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First, do no harm. It’s a guiding principal of all physicians and one that environmental researcher Nathan Bennett would also like marine conservationists to respect. The researcher, affiliated with both the University of British Columbia and the University of Washington, says the desire to protect the ocean can sometimes harm the people who rely on it. In a new paper, he and his coauthors call for a marine conservation code of conduct.
We don’t usually think of conservation efforts doing harm, but Bennett says intentionally or unintentionally, it happens. It’s “the robbing of either marine resources or areas of the sea or the coast from the people to whom it belongs,” he says. Examples include failing to consult with indigenous people before slapping restrictions on their subsistence fishing, or impacting local cultures by inhibiting traditional activities. In some more egregious instances, it could mean ejecting people from their homes or even limiting, or completely preventing, their access to the coast.
The sea can thank the United Nations for recent upticks in global marine protection. In 2010, the UN Convention on Biological Diversity put forward a series of biodiversity goals called the Aichi targets. Target 11 says that each country would commit to protecting 10 percent of its coastal and marine areas by 2020. As the deadline approaches, efforts around the world are ramping up. And Bennett says in Canada, the situation is complex, with areas of the coast being set aside not only for conservation, but also for oil and gas exploration, shipping, and fishing. Bennett wants governments to reach the target with systematic planning, minimal impacts, well-considered partnerships, and discussions on how conservation efforts will benefit communities.
But he cautions that there’s a wrong way to do it, including using conservation as a tool of colonization. Historically in terrestrial conservation, for instance, there was often injustice in the name of conservation.
He cites the Chagos Archipelago in the Indian Ocean, which was forcibly evacuated by the United Kingdom in the 1960s to make way for a military base. The United Kingdom created a large marine park around the islands and in 2016 renewed the lease for an American military base on the archipelago, thus barring the native Chagosians—many now living on the island of Mauritius—from returning, or even fishing the waters. He also cites instances of “ocean grabbing” in conservation projects in South Africa, as well as Southeast Asia, where governments may allow foreign fishing boats into local waters, which depletes stocks and limits access for local subsistence fishers.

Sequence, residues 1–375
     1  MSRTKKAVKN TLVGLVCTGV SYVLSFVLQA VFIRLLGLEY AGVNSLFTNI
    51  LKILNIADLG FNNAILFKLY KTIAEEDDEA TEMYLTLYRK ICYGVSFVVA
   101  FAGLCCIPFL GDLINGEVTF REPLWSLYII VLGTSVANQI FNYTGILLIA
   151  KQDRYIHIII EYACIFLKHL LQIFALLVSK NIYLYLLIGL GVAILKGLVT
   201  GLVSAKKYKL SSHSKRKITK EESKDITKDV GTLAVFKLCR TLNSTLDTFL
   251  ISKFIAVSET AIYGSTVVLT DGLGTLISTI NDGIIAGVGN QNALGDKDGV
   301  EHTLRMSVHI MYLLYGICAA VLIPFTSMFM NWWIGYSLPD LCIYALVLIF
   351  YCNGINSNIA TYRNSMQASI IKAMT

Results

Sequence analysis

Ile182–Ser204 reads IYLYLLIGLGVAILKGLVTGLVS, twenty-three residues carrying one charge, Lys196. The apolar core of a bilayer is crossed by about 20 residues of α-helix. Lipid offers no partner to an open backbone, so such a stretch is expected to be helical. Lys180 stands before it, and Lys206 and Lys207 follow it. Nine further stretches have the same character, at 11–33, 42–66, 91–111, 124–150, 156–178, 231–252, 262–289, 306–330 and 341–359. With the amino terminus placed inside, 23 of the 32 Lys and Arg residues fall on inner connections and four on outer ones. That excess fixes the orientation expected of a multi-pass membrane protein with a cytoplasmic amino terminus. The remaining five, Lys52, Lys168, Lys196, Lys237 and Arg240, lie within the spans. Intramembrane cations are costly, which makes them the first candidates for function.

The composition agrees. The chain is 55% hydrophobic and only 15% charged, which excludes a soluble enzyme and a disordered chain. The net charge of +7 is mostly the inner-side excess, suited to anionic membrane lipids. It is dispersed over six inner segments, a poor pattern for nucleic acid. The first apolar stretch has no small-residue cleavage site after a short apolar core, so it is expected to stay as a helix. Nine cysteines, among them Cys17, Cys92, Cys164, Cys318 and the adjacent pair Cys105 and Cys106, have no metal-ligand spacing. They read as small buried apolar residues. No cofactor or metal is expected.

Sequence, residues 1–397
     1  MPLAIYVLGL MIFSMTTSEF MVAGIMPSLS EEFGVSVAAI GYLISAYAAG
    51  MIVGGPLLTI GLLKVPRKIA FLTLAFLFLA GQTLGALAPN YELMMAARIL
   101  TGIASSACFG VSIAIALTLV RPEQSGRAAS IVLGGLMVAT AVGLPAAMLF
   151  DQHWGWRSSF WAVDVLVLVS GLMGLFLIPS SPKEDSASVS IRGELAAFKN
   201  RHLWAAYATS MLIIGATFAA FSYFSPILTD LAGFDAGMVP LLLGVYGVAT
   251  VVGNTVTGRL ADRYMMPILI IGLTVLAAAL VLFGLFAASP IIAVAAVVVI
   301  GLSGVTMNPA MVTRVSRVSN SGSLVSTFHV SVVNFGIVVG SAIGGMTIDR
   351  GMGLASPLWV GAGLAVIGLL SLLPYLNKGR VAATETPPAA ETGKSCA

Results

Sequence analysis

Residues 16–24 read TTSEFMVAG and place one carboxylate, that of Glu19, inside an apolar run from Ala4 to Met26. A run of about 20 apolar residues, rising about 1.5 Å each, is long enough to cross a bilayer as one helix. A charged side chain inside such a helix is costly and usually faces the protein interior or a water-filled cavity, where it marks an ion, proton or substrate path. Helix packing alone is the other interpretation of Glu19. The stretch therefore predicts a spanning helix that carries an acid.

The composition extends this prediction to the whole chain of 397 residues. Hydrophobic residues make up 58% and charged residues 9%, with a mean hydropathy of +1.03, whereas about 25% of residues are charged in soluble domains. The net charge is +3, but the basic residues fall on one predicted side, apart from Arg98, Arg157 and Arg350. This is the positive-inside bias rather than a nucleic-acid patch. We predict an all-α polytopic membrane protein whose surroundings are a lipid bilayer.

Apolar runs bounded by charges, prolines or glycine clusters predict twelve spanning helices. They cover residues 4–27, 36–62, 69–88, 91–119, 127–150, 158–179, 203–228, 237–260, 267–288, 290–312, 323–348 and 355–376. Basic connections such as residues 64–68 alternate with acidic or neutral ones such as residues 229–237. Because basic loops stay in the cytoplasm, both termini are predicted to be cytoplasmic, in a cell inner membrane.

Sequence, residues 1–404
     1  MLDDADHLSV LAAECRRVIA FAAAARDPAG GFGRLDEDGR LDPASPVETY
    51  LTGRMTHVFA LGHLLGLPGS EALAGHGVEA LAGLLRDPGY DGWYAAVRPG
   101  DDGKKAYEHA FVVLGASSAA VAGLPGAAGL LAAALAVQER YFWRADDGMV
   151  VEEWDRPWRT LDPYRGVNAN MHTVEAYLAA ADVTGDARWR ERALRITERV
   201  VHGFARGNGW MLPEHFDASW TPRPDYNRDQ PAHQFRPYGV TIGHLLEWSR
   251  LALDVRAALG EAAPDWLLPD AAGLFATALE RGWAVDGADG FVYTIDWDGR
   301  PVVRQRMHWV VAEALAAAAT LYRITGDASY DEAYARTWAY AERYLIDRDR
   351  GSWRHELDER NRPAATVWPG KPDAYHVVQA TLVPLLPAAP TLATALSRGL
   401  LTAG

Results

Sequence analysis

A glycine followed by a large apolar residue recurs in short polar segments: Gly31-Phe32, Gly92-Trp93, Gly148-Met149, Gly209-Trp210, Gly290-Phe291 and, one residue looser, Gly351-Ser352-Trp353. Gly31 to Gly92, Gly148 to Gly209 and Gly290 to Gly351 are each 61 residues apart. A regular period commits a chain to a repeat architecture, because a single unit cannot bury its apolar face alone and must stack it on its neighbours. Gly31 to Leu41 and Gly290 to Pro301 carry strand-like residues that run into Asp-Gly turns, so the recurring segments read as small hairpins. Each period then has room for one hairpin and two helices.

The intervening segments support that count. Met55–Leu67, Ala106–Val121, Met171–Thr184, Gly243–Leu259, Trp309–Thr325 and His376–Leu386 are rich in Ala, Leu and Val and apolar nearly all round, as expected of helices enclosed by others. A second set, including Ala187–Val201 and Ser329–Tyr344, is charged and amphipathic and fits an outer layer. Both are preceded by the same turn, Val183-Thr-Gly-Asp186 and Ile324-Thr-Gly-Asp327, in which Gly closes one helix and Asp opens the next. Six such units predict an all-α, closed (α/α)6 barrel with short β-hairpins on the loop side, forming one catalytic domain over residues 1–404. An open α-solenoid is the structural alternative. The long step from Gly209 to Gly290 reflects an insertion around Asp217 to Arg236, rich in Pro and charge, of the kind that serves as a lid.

Bennett saw a potential solution in a code of conduct. According to the paper, such a code would involve a clearly articulated and comprehensive set of social standards, including fair governance and decision-making processes, socially just conservation actions and outcomes, and accountable conservation initiatives and organizations.
Bennett points to Kaua‘i, in Hawai‘i, as an example of what an enacted code of conduct might look like. In 2015, the governor signed into law the state’s first community-based subsistence fishing area (CBSFA), in the waters off Hā‘ena. Its creation was the result of years of effort by local indigenous people, and the CBSFA is now managed according to traditional fishing and ocean management practices.
Bennett suggests an international body such as the International Union for the Conservation of Nature (IUCN), which already has guidelines for conservation of marine areas, could issue the code.
“I think in principle this is a fine idea,” says Boris Worm, a marine conservation researcher at Dalhousie University in Halifax, Nova Scotia, “and one would have to look at the IUCN guidelines specifically to see how well it’s already been covered.”
Worm stresses that it’s been scientifically shown that conservation areas don’t succeed without local support. “You have to get them on board,” he says and points to solutions such as community co-management, local employment, or benefit sharing. He wonders, however, if a one-size-fits-all code of conduct is feasible—or enforceable—globally. With marine conservation situations so geographically and politically diverse, he’s skeptical one code could cover all of the situations that might arise.
Bennett acknowledges it would be tricky, but sees the situation as fundamentally about social justice. As the number of conservation areas rises to meet targets, conflicts with people who rely on traditional use and management of the coast could increase, and Bennett wants to see their concerns brought to the table. “A code of conduct,” he says, “is moving from these issues to a solution.”